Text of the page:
POLITICS
09/06/2017 01:25 pm ET Updated Sep 13, 2017

Trump Sides With Democrats On Government Funding, Debt Ceiling Hike

Democratic leaders largely got what they wanted from the Oval Office meeting.

WASHINGTON ― Democratic leaders found themselves in the unusual position of being on the same side as President Donald Trump on Wednesday, reaching agreement on a plan to keep the government funded and raise the debt ceiling.

Trump met with Senate Minority Leader Chuck Schumer (D-N.Y.) and House Minority Leader Nancy Pelosi (D-Calif.), as well as Senate Majority Leader Mitch McConnell (R-Ky.), House Majority Leader Kevin McCarthy (R-Calif.) and House Speaker Paul Ryan (R-Wis.), at the White House on Wednesday.

“In the meeting, the President and Congressional leadership agreed to pass aid for Harvey, an extension of the debt limit, and a continuing resolution both to December 15, all together. Both sides have every intention of avoiding default in December and look forward to working together on the many issues before us,” Schumer and Pelosi said in a joint statement after the meeting.

Democrats had gone into the meeting hoping to get exactly this outcome. A congressional aide briefed on the meeting said Republican leaders wanted an 18-month debt ceiling hike, and then suggested six months instead. Pelosi and Schumer dismissed a six-month hike, and Trump eventually agreed to the Democrats’ three-month proposal.

Senate Minority Leader Chuck Schumer (D-N.Y.) makes a point to President Donald Trump in the Oval Office on Wednesday.&n
Alex Wong via Getty Images
Senate Minority Leader Chuck Schumer (D-N.Y.) makes a point to President Donald Trump in the Oval Office on Wednesday. 

Another source briefed on the meeting said Treasury Secretary Steve Mnuchin sided with the Republican leaders in the room in wanting a longer debt limit extension. When it was clear the congressional leaders were going to agree to disagree, Trump unexpectedly agreed to the three-month extension.

Republicans often need Democratic votes to raise the debt ceiling, because many conservatives oppose increasing the government’s borrowing limit without spending cuts to decrease the deficit. With a shorter-term debt ceiling hike coming up in December at the same time as a government funding fight, Democrats will have more leverage in the budget battle. 

But by siding with Democrats, Trump rejected the wishes of his own party ― a move that reportedly left Republicans furious ― and it’s not clear how many GOP lawmakers will go along with this deal. 

McConnell said he would add the three-month funding and debt ceiling extension to legislation providing $7.85 billion in aid for Hurricane Harvey.

“The president can speak for himself, but his feeling was that we needed to come together to not create a picture of divisiveness at a time of genuine national crisis. And that was the rationale,” McConnell told reporters, distancing himself from the deal.

Congressional leaders met with the president and vice president at the White House Wednesday.
Alex Wong/Pool via Bloomberg via Getty Images
Congressional leaders met with the president and vice president at the White House Wednesday.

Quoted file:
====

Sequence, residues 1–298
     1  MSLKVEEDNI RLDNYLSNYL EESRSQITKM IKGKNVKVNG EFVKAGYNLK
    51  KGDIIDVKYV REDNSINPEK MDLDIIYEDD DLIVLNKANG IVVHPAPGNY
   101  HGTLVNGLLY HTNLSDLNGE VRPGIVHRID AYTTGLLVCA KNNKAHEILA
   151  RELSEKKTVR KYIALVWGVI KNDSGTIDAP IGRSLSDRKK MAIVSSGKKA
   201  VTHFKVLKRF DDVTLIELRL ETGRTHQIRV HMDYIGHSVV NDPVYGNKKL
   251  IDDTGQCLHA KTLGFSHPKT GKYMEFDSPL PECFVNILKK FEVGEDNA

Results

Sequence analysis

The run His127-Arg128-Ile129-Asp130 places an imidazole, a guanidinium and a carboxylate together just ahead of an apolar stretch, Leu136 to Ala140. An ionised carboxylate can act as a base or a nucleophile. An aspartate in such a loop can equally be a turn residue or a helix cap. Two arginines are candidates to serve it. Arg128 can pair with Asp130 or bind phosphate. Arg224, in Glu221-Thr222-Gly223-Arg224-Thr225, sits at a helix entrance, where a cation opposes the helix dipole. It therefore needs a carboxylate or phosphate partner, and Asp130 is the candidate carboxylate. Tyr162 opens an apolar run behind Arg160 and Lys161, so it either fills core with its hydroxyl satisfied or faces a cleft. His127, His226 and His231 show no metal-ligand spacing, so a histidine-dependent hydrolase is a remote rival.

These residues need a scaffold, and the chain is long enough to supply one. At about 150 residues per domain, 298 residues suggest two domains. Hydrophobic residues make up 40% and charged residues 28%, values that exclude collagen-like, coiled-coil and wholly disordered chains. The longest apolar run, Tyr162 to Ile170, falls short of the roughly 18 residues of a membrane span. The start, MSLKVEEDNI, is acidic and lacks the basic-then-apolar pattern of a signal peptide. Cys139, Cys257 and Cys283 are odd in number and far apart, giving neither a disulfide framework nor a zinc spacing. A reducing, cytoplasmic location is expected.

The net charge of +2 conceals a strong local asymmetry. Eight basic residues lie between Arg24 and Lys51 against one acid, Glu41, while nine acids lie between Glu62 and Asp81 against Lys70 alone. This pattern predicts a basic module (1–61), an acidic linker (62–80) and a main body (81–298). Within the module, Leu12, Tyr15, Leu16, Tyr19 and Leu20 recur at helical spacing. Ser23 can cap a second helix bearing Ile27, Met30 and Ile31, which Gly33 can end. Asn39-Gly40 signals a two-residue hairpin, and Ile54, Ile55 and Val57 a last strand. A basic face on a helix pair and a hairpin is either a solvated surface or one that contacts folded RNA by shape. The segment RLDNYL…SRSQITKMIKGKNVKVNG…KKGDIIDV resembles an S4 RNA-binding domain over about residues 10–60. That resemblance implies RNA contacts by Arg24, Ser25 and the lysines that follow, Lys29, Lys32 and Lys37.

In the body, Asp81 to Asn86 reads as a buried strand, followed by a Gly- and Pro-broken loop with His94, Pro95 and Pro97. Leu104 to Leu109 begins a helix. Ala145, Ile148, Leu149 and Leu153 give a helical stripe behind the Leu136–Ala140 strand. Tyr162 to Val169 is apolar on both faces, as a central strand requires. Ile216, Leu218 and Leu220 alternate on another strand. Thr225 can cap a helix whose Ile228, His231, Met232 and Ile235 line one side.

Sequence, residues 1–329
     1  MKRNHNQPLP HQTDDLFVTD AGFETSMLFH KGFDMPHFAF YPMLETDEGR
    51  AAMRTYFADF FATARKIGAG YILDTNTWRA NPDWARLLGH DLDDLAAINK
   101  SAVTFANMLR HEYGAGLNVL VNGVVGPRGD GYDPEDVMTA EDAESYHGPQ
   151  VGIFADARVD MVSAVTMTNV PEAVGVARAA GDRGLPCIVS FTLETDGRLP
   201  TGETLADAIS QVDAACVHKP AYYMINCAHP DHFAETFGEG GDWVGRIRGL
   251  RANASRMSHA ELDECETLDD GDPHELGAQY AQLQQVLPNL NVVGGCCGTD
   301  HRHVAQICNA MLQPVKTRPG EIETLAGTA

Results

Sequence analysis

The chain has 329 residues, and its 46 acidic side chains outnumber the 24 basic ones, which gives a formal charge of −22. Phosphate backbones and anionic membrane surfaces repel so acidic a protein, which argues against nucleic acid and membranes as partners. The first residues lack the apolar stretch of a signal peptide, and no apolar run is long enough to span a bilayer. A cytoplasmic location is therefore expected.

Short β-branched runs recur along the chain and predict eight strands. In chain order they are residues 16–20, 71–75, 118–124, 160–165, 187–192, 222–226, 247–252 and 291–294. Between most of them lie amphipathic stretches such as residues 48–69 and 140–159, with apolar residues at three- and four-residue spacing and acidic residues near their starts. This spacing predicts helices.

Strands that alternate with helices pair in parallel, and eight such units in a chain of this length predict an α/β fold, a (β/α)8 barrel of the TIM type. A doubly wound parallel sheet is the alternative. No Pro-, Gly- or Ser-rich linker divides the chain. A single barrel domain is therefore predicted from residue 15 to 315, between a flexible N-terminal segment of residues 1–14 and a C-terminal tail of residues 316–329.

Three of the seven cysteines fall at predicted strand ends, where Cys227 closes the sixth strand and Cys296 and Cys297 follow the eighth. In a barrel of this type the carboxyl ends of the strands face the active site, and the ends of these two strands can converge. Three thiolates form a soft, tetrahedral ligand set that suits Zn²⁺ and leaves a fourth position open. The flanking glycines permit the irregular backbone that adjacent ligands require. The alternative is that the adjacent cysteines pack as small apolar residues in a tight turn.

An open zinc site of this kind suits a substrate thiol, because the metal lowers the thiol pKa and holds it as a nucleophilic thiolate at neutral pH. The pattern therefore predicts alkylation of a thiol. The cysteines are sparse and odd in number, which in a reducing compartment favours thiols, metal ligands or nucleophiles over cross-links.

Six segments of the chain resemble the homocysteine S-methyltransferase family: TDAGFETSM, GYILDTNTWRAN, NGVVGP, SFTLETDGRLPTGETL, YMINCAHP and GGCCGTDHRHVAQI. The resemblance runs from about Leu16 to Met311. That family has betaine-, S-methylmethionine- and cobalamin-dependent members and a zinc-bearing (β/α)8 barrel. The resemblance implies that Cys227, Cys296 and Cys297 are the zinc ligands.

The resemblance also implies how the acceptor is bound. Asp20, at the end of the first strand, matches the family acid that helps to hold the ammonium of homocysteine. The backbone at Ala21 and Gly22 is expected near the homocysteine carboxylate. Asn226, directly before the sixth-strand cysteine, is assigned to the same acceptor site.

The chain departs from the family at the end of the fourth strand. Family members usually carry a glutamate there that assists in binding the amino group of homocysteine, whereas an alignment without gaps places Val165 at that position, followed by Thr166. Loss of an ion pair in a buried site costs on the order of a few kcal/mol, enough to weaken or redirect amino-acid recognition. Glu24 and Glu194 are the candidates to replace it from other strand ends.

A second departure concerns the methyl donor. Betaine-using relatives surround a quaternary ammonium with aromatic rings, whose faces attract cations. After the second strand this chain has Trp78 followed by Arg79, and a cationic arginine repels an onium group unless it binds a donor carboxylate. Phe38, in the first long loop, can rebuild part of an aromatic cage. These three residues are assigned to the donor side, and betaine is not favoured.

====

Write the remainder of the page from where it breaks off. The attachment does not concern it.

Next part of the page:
Earlier Wednesday, Ryan derided Democrats’ proposal to raise the debt ceiling for three months, calling the idea “ridiculous” and “disgraceful.”

“We’ve got all this devastation in Texas. We’ve got another unprecedented hurricane about to hit Florida. And they want to play politics with the debt ceiling?” Ryan told reporters. “That will strand the aid that we need to bring to the victims of these storms that have occurred or are about to occur.”

Mnuchin has said that he and the president wanted the debt ceiling hike to be tied to aid for Hurricane Harvey ― a proposal opposed by many conservatives. 

Congress has until Sept. 30 to reach a funding deal to avoid a government shutdown. Mnuchin said Congress needs to raise the debt ceiling by Sept. 29, or else the United States risks default and throwing the economy into a tailspin.

Sen. Thom Tillis (R-N.C.) admitted that Democrats walked away with a pretty good deal. 

“For people who want to keep score, maybe that’s true,” he said when asked if Democrats received everything they wanted from Trump.

Sen. Susan Collins (R-Maine) also said she was “very surprised” by the three-month debt limit deal.

Marc Short, the White House director of legislative affairs, said Trump agreed to this deal with Democrats because to “clear the decks” for tax reform.

Schumer and Pelosi said they also discussed the fate of undocumented immigrants who came to the United States as children and now risk deportation, thanks to an order by Trump. 

“As Democratic leaders, we also made it clear that we strongly believe the DREAM Act must come to the floor and pass as soon as possible and we will not rest until we get this done,” they said. 

Democrats say that this new deal with Trump strengthens their hand in passing the DREAM Act, which would provide a path to citizenship for these undocumented immigrants. They’ll be able to use the leverage they have on the debt ceiling to press for what they want legislatively, with the DREAM Act being high on the list. 

The congressional aide briefed on the meeting also said Ivanka Trump, the president’s daughter, came into the Oval Office toward the end to “say hello,” at which point the meeting went off topic. The GOP leaders were reportedly visibly annoyed by her presence there.

Speaking with reporters aboard Air Force One on Wednesday, Trump said he had a “very good meeting” with Pelosi and Schumer. He did not mention any of the GOP leaders. 

Igor Bobic contributed reporting. 

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